- Ocean Fishing
- Laws & Regulations
- Marine Protected Areas
- Fish Identification
- Permits & Licenses
- FAQs - Frequently Asked Questions
- Marine Life Management & Research
- Marine Region Projects
Main Office: 20 Lower Ragsdale Drive, Suite 100
Monterey, CA 93940
Information: (831) 649-2870, AskMarine@wildlife.ca.gov
Yelloweye Rockfish In-season Tracking
Yelloweye Rockfish Catch
In-season Tracking "Thermometer"
Through August 16, 2015
Yelloweye Rockfish Landings
by Management Area
Through August 16, 2015
|Management Area||Metric Tons Accrued|
Discrepancies in the table are due to rounding error.
One of the main goals of the California Department of Fish and Wildlife's (CDFW) Groundfish Project is to manage fish stocks sustainably, based on state or federally mandated harvest limits. Marine recreational fisheries monitoring is performed by CDFW and federal partners to ensure California's recreational catch accumulates up to, but does not exceed, the annual harvest limits. Yelloweye rockfish (Sebastes ruberrimus) is a challenging species to manage because the statewide recreational harvest limit is very restrictive - 3.4 metric tons (mt) or 7,496 pounds. This limit resulted from very low population estimates. While they may not be retained by fishermen, some yelloweye rockfish are caught because they co-occur with other rockfishes that are targeted by fishermen, and some of the yelloweye rockfish that are caught will die when released. The harvest limit is the amount of "bycatch mortality" allowed off California while fishing for other target species. Yelloweye rockfish is the most constraining species on the West Coast and given the highest priority for tracking catches. Yelloweye rockfish is a federally-designated "overfished species" and is slow growing, late maturing, and can reach an age of over 100 years. According to the federal rebuilding plan, yelloweye rockfish stocks will not recover for over 70 years.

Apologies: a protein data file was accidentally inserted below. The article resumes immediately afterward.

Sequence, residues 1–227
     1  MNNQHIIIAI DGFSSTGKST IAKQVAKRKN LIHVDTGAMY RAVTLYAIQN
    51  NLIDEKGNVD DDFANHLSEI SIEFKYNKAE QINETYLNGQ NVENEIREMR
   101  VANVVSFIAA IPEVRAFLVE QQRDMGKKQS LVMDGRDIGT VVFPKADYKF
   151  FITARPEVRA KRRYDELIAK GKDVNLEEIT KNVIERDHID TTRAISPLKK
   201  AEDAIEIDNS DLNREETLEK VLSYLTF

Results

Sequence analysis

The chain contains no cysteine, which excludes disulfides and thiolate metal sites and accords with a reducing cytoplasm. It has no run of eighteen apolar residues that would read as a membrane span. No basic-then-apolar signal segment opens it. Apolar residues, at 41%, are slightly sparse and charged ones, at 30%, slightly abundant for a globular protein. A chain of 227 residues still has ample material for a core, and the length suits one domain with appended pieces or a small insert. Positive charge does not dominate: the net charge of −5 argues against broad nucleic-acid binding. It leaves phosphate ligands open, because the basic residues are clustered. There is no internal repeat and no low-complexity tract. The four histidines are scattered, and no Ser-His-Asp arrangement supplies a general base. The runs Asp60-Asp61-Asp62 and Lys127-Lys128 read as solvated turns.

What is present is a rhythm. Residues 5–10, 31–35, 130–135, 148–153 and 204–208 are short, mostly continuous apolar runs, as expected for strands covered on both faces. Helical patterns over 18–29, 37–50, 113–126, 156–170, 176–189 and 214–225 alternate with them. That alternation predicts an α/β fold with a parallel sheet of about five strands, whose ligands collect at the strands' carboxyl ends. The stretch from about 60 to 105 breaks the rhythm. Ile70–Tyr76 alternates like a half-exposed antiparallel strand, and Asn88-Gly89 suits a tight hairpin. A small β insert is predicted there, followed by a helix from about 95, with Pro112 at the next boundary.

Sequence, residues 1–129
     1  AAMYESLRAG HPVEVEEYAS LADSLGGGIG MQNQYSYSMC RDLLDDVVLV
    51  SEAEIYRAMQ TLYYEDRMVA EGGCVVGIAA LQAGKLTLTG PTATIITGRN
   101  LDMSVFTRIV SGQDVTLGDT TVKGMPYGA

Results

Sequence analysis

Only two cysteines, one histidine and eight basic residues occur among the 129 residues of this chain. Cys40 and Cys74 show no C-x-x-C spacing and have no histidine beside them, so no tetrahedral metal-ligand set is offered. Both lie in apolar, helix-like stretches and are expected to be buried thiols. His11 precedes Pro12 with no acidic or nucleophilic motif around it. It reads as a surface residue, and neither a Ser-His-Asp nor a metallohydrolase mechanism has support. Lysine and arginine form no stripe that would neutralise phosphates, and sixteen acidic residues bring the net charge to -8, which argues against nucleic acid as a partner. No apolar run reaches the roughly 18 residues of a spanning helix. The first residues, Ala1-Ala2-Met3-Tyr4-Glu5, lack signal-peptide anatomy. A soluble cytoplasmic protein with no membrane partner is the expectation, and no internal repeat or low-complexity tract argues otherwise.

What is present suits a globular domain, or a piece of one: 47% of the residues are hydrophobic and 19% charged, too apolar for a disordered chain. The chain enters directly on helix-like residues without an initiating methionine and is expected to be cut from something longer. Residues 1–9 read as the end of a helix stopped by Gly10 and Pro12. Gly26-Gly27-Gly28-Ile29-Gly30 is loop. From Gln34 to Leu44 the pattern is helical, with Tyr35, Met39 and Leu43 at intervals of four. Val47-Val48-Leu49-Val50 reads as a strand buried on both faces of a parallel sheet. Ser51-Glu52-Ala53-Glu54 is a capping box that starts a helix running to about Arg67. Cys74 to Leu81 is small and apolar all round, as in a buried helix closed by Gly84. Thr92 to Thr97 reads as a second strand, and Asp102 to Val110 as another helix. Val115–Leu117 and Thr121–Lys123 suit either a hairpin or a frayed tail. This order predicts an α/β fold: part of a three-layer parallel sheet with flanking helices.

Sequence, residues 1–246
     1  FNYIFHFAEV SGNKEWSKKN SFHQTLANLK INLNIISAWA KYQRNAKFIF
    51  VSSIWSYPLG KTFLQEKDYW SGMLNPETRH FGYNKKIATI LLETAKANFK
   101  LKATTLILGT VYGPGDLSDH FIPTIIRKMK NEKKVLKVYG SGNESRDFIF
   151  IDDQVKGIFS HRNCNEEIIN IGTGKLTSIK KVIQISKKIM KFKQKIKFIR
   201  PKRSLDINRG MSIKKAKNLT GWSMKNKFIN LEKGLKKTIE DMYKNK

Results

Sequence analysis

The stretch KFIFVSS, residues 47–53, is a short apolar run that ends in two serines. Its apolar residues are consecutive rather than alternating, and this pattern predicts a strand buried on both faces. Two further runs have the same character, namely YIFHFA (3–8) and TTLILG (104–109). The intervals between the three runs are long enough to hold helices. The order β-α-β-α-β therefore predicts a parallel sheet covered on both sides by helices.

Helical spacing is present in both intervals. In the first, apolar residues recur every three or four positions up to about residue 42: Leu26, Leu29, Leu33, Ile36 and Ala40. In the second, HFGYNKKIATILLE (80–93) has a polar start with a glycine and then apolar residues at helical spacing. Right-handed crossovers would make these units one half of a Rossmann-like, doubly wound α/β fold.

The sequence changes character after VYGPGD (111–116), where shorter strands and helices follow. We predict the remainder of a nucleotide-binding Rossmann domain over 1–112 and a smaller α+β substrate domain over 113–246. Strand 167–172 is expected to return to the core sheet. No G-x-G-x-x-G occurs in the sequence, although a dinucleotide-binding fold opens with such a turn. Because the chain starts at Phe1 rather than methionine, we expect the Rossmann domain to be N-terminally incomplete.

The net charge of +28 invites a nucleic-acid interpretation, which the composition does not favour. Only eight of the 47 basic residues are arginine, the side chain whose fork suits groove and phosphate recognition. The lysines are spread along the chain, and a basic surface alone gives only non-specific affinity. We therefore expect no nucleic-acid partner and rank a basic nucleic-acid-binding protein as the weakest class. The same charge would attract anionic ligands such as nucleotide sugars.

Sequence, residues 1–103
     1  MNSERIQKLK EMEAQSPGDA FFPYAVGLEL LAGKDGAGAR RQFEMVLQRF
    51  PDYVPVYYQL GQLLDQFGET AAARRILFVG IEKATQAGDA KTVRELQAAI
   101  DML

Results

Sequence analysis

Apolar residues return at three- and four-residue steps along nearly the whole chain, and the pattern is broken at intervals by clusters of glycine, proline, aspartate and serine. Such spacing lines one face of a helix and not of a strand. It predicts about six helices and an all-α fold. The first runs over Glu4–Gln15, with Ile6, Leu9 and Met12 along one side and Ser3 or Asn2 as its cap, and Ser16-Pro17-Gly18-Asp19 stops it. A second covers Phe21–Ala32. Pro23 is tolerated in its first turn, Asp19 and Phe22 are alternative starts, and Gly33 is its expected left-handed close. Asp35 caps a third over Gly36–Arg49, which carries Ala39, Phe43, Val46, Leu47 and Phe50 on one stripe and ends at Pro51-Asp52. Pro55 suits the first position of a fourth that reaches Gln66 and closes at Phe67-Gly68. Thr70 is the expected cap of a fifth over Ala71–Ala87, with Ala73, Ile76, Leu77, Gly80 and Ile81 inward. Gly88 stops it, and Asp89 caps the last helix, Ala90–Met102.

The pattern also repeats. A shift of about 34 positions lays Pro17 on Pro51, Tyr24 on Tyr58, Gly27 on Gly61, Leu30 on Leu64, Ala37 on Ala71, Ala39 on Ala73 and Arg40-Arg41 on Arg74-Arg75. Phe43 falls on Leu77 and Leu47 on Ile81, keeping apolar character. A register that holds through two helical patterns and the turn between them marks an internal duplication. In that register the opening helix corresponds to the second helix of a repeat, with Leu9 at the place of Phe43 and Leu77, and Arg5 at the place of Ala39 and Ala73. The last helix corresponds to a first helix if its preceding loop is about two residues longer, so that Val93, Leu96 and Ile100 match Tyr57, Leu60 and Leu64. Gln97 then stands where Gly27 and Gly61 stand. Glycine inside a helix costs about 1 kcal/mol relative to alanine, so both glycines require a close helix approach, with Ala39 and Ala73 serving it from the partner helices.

Every effort is made to provide as much fishing opportunity as possible without exceeding the harvest limit. Recreational anglers can help in this effort by accurately reporting their catch, both landed and released, to CRFS samplers every time they are approached for an interview. Under-reporting of catch will prevent stock assessment scientists from determining if populations have recovered. Over-reporting may result in unnecessary action to close the fishery. If you are approached by a CRFS sampler for an interview, please report exactly what you caught to the best of your ability and ask the CRFS sampler to show you an identification guide if you are unsure.
2015 Recreational Groundfish and Associated Species Season Structure
- Final 2014 Tracking
- 2015-2016 Ocean Sport Fishing Regulations
Includes Groundfish Fishery
- California Recreational Fisheries Survey (CRFS)
- Canary, Vermilion, Yelloweye Rockfish ID Flyer
This flyer lists identifying features that can be used to differentiate between canary rockfish, yelloweye rockfish, and vermilion rockfish.
- Canary, Vermilion, and Yelloweye...oh my!
Article from the Marine Management News newsletter, December 2007
- Rockfish: Bring That Rockfish Down!
A brochure with tips and techniques for successfully releasing rockfish suffering barotrauma injuries.
- Yelloweye Rockfish Stock Assessments
Pacific Fishery Management Council